The Conspiracy Theory Of Vladimir Putin's Body Double Explained

Controversial Russian President Vladimir Putin, the man behind the 2022 Russian invasion of Ukraine, has held power in his country in one form or another pretty much since the year 2000, and that seems unlikely to change anytime soon. That makes the former KGB agent the longest-serving Russian leader since Stalin, according to the BBC. It's naturally risky when a world leader is as reviled as Putin both at home and abroad. Employing a body double could be an effective safety measure for Putin, but does he really use one? One unconfirmed conspiracy theory says that's the case.

It's not without merit that Vladimir Putin may use body doubles for certain photo ops and public appearances. So much so, a reporter from the Russian TASS news agency showed the Russian President all the internet search results relating to whether or not that might be true. The journalist even asked Putin in person, "Are you real?" to which Putin responded "Yes," according to France24. (But if he were really a double that's exactly what he would say.) To be clear, there's really no evidence Putin protects himself with a lookalike.

There's precedent

Although there's really no proof that Vladimir Putin uses body doubles and lookalikes for certain photo ops and public appearances, the idea that a contentious world leader might make such a move is not so outlandish. Similar rumors have swirled around a number of popular and unpopular leaders and monarchs for decades. Stalin himself is said to have used one, so you can see where Putin's advisor may have swiped the idea. Otherwise, here are just a few of the most common examples of supposed world leader lookalikes, according to WION News.

Ranging from North Korean leader Kim Jong-un, who some say in fact may have died, to Britain's Queen Elizabeth, and former American FLOTUS Melania Trump, reasons why current, former, or even dead world leaders might employ such a trick remain largely the same: to take the load off as far as public engagements and duties are concerned, or to keep themselves safe from assassination attempts. Another common theme is that the leader themselves has suddenly died, and a doppelgänger is found by the regime in power.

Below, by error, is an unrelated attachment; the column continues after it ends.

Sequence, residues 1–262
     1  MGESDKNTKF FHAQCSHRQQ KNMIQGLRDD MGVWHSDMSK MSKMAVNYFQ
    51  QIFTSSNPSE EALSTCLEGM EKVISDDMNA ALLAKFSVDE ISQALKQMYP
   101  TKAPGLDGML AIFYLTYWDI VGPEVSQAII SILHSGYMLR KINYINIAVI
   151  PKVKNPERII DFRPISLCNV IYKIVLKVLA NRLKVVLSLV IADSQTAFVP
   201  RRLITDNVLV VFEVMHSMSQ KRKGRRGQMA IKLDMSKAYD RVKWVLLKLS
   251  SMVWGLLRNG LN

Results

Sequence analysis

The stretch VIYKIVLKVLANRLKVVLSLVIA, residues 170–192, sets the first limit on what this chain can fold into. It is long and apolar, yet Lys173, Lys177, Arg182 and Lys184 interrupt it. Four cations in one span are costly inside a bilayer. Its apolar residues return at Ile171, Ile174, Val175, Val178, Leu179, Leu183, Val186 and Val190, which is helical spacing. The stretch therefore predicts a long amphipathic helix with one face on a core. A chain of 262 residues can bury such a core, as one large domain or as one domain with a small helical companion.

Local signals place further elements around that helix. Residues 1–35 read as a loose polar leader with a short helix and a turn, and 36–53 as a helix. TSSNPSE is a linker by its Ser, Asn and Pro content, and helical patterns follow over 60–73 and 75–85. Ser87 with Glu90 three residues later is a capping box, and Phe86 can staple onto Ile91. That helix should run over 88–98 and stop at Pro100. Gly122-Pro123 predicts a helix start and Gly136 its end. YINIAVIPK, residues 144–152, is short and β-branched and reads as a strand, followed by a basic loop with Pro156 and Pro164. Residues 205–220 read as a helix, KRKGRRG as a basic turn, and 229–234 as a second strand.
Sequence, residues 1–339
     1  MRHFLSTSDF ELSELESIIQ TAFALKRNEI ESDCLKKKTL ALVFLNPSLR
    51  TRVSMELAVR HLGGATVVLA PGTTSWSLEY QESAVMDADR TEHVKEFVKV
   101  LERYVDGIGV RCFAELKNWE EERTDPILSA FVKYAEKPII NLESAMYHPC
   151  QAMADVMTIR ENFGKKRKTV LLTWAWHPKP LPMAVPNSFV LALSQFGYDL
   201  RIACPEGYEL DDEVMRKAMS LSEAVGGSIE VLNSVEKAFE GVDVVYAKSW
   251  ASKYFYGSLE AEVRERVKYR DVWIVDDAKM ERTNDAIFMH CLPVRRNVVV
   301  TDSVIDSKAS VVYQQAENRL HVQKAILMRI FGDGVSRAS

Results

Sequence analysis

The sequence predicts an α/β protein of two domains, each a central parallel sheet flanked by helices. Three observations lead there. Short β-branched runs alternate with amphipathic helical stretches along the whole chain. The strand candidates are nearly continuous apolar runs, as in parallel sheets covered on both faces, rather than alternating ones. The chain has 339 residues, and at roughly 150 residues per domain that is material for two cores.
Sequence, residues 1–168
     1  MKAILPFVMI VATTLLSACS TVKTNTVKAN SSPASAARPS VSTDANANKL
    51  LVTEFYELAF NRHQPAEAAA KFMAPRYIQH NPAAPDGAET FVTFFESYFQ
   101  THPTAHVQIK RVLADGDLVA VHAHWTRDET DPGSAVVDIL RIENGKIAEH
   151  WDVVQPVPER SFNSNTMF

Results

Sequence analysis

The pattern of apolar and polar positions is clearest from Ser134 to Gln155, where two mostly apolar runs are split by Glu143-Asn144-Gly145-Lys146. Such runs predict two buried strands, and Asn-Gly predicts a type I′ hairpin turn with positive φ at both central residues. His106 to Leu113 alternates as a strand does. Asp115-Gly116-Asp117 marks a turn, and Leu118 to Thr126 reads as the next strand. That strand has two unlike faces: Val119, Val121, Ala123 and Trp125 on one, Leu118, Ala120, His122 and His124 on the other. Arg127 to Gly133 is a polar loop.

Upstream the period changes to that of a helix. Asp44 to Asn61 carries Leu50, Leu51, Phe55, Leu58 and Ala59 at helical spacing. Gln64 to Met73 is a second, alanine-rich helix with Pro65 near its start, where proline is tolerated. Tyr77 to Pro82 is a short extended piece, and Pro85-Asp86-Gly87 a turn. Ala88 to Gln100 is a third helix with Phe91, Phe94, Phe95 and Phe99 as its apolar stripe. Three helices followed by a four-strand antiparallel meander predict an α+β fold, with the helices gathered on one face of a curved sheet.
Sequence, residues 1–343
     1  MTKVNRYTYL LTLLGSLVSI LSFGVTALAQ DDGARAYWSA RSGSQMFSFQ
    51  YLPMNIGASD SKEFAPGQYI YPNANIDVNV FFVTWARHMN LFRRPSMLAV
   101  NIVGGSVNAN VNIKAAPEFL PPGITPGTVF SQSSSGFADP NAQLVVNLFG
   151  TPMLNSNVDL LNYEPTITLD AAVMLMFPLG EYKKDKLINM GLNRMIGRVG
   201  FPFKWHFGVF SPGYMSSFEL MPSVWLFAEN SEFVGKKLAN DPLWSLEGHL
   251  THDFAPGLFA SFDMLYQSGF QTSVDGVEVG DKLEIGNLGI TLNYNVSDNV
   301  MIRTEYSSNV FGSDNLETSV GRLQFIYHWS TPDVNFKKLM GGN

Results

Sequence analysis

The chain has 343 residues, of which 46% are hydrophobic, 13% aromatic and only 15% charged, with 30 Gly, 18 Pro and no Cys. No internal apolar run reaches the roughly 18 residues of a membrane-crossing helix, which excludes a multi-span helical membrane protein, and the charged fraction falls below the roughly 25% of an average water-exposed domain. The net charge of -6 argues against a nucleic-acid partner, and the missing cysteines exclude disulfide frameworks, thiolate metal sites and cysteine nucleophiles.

The Second Chechen War

Rumors that Russian President Vladimir Putin protects himself with a body double began right after he took office the first time, during the Russian-Chechnya war, sometimes called the Second Chechen War, according to History. In this highly contentious Russian military offensive, in late 1999 Putin ordered his forces into the former Soviet republic, ostensibly to support separatists wishing to remain loyal to Moscow and in retaliation for alleged Russian terrorist attacks said to be perpetrated in Russia by Chechen militants.

In the view of many international scholars and policymakers though, Putin's move was essentially a flex on this recently liberated young democracy and the Muslim majority that wished to distance themselves from the Kremlin, per The Guardian. Because of this Putin risked retaliation, and the idea really was floated to employ imposters for public appearances to keep the Russian president safe. He turned it down. As Radio Free Europe reports, Putin said, "I refused to have doubles. It was during the most difficult time of the fight against terrorism."